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The fight to hold PR firms accountable


Climate change activists of Extinction Rebellion group during a protest at the COP26 climate conference in Glasgow, Scotland.

Marcos del Mazo | LightRocket | Getty Images

LONDON — The public relations industry has a PR problem.

The role of PR firms and ad agencies in “greenwashing” fossil fuels has come under intense scrutiny in recent months, with communications firms accused of obstructing climate action by spreading disinformation on behalf of their clients.

A peer-reviewed study published late last year in the journal Climatic Change was the first to comprehensively document the role that PR firms have played in helping the world’s most profitable oil and gas companies improve their environmental image and block climate action.

It shows that energy giants have relied on PR firms and ad agencies to finesse their public messaging for more than three decades.

For instance, the authors note how the PR industry has played a key role in downplaying the seriousness of the climate crisis, promoting industry-favored solutions as the preferred course of action and emphasizing the benefits of fossil fuel use.

To be sure, the burning of fossil fuels, such as coal, oil and gas, is the chief driver of the climate emergency.

And yet, the role of PR companies in climate politics has typically been overlooked, in large part because communications firms have sought to remain in keeping with the adage that “the best PR is invisible PR.”

“My bottom line was, you know, we really ought to pay attention to this,” Bob Brulle, visiting professor of environment and society at Brown University, and lead author on the paper, told CNBC via telephone.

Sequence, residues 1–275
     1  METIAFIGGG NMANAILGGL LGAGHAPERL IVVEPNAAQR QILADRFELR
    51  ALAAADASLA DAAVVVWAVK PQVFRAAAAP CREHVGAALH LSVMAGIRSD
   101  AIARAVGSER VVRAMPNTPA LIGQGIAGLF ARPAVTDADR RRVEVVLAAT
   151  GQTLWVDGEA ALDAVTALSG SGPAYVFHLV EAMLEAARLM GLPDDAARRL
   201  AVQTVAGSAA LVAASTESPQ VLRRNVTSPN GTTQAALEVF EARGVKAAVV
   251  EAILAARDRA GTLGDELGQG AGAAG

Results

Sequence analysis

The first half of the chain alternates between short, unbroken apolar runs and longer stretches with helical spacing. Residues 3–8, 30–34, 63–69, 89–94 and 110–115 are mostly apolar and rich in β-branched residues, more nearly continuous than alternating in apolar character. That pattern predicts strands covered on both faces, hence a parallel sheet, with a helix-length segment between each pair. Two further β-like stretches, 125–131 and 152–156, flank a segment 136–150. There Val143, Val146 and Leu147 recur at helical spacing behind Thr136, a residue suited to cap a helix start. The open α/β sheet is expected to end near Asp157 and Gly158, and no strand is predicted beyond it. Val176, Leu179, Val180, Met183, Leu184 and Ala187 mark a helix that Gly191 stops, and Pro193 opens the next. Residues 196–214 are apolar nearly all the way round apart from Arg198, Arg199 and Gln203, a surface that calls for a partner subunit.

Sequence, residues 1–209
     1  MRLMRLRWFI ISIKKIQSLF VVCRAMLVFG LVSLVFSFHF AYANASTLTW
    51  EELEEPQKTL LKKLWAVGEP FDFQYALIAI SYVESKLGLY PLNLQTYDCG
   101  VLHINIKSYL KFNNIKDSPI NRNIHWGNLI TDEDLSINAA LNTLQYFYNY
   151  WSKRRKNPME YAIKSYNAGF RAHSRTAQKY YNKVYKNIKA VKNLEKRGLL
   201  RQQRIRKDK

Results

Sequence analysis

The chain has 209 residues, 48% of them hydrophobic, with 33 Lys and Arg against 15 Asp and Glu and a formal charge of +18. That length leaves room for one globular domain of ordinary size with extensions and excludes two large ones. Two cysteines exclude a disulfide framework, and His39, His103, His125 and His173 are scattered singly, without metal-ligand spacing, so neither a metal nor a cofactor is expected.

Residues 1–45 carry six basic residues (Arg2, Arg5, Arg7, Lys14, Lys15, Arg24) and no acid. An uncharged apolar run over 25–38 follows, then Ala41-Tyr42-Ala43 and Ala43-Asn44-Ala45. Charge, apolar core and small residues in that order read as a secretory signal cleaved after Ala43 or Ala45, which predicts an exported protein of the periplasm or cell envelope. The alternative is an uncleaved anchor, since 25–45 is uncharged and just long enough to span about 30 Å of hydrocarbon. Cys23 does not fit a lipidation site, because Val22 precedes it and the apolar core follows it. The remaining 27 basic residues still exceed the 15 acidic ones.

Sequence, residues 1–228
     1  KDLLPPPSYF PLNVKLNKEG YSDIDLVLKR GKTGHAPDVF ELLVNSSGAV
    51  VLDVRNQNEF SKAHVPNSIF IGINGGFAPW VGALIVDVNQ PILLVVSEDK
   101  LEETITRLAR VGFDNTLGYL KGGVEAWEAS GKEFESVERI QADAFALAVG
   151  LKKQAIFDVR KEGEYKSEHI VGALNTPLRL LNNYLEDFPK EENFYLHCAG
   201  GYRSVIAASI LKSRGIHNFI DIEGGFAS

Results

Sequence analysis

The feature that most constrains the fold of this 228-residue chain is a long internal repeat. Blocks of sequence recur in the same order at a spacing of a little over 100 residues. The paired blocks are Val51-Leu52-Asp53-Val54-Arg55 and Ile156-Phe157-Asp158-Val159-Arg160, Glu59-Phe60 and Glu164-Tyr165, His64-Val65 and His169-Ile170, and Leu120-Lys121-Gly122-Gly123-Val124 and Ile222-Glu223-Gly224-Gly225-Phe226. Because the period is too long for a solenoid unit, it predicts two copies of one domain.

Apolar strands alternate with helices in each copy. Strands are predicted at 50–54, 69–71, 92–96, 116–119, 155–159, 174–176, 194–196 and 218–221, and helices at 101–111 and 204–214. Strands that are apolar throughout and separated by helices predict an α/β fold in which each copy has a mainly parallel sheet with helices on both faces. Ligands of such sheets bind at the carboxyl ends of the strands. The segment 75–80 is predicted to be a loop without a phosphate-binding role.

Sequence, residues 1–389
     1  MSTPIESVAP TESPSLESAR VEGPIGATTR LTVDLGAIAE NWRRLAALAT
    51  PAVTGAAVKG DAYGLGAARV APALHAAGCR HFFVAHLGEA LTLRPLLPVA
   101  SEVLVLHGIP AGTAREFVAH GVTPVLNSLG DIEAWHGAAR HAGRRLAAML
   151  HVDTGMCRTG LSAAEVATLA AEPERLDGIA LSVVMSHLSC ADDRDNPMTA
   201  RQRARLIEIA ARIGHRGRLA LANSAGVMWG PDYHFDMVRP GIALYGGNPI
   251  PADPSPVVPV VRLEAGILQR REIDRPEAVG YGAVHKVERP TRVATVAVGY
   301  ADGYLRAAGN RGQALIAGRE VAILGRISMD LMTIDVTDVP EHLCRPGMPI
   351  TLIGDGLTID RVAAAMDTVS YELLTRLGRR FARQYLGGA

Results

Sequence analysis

None of them want to talk about this but we must because this represents our industry’s greatest contribution to the climate crisis.

Christine Arena

Former executive vice president at Edelman

The study says PR firms were responsible for some of the terms still used today to try to justify climate inaction, such as “clean coal,” “renewable natural gas” and “carbon footprint.”

Academic research quantifying the PR industry’s role in climate politics has since been followed up by intensifying pressure from external campaign groups, scientists and environmental activists.

Now, the prospect of U.S. congressional hearings is likely to turn up the heat even further.

Brulle told CNBC that this development makes it clear that the issue has “moved from peripheral to core.”

Congressional hearings

Lawmakers grilled oil and gas chief executives last year in a showcase congressional hearing on climate disinformation. Executives from the world’s largest oil companies defended themselves and their company’s actions at the Oct. 28 hearing — one which had parallels to the iconic 1994 hearing that led to the downfall of Big Tobacco.

Shortly thereafter, Carolyn B. Maloney, the chair of the Committee on Oversight and Reform, issued subpoenas to ExxonMobil, Chevron, BP America, Shell, the American Petroleum Institute, and the U.S. Chamber of Commerce for…


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